Parenting teens during a pandemic amiright? LOLZ. *drinks wine*
2020 and now moving into 2021 has been a challenge. I’m happy/relieved I don’t have little kids at home because I can’t imagine how difficult it is to parent wee ones while working from home, attempting to have them log onto Zoom school AND stay focused (shoutout to all the kindergarten teachers!), plus getting all the rest of the shit done that needs to be done on a day-to-day basis.
Teens, for the most part, are self-sufficient. You can tell by the morning evidence left from their late-night traverse to the kitchen to make grilled cheese sandwiches. At some point during the pandemic I realized I am now raising raccoons. They sleep most of the day only to come out in the evening scavenging for food leaving torn cereal boxes and empty bread bags in their wake. But it’s that same self-sufficiency that makes it difficult to connect. You’d think there would be more chances since we’ve all been locked up together for months on end but between technology, bedroom doors, and the fact that none of us are going anywhere, the conversation starter ‘how was your day’ is now obsolete. There are days when I’m literally staring at a blank wall, wondering how I can connect.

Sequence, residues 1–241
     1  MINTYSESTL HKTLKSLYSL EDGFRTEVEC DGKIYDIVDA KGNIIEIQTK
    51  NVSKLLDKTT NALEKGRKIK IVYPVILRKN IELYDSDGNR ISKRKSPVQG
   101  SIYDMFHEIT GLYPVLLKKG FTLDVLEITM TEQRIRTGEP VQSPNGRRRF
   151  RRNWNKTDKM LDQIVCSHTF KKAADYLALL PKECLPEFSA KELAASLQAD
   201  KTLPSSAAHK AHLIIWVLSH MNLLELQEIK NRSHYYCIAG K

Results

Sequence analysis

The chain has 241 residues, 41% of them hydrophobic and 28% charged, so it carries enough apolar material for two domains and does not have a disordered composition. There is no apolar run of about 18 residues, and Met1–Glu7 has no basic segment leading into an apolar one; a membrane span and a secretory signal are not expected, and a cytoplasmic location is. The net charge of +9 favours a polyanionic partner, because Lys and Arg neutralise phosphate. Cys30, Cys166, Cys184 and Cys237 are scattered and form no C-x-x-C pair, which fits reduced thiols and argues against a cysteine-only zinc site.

Until we discovered the stock market. And when I say we, I mean my youngest son who found and downloaded a stock trading app, who then told my older son who also decided he wanted to be a mogul. I mean, I ‘knew’ about the stock market but I had never invested.
I would hear them talking about it. The stocks they bought, what the market was doing, whether they should buy or sell.
I wanted in.
So I downloaded the app and now we’re all trading. I have no idea what the hell I’m doing but that’s the genius of it. THEY ARE TEACHING ME. Like when I wrote down on a piece of paper what prices I purchased my stocks at and my younger teen explained to me how to add them to a finance page where I could track them instead of being Amish. And he did it without even rolling his eyes.
We’ve even started a competition where whoever has made the most money at the end of the week (and I’m talking less than two digit numbers here) is the winner and the loser has to buy him a coffee. I say him because so far I’m the loser.
Apparently I know just as much about stocks as I did about parenting when I pushed out a baby 19 years ago, but that worked out pretty well so I’m just going to go with it.
Oh, and now when I ask how their day is going, I get a response.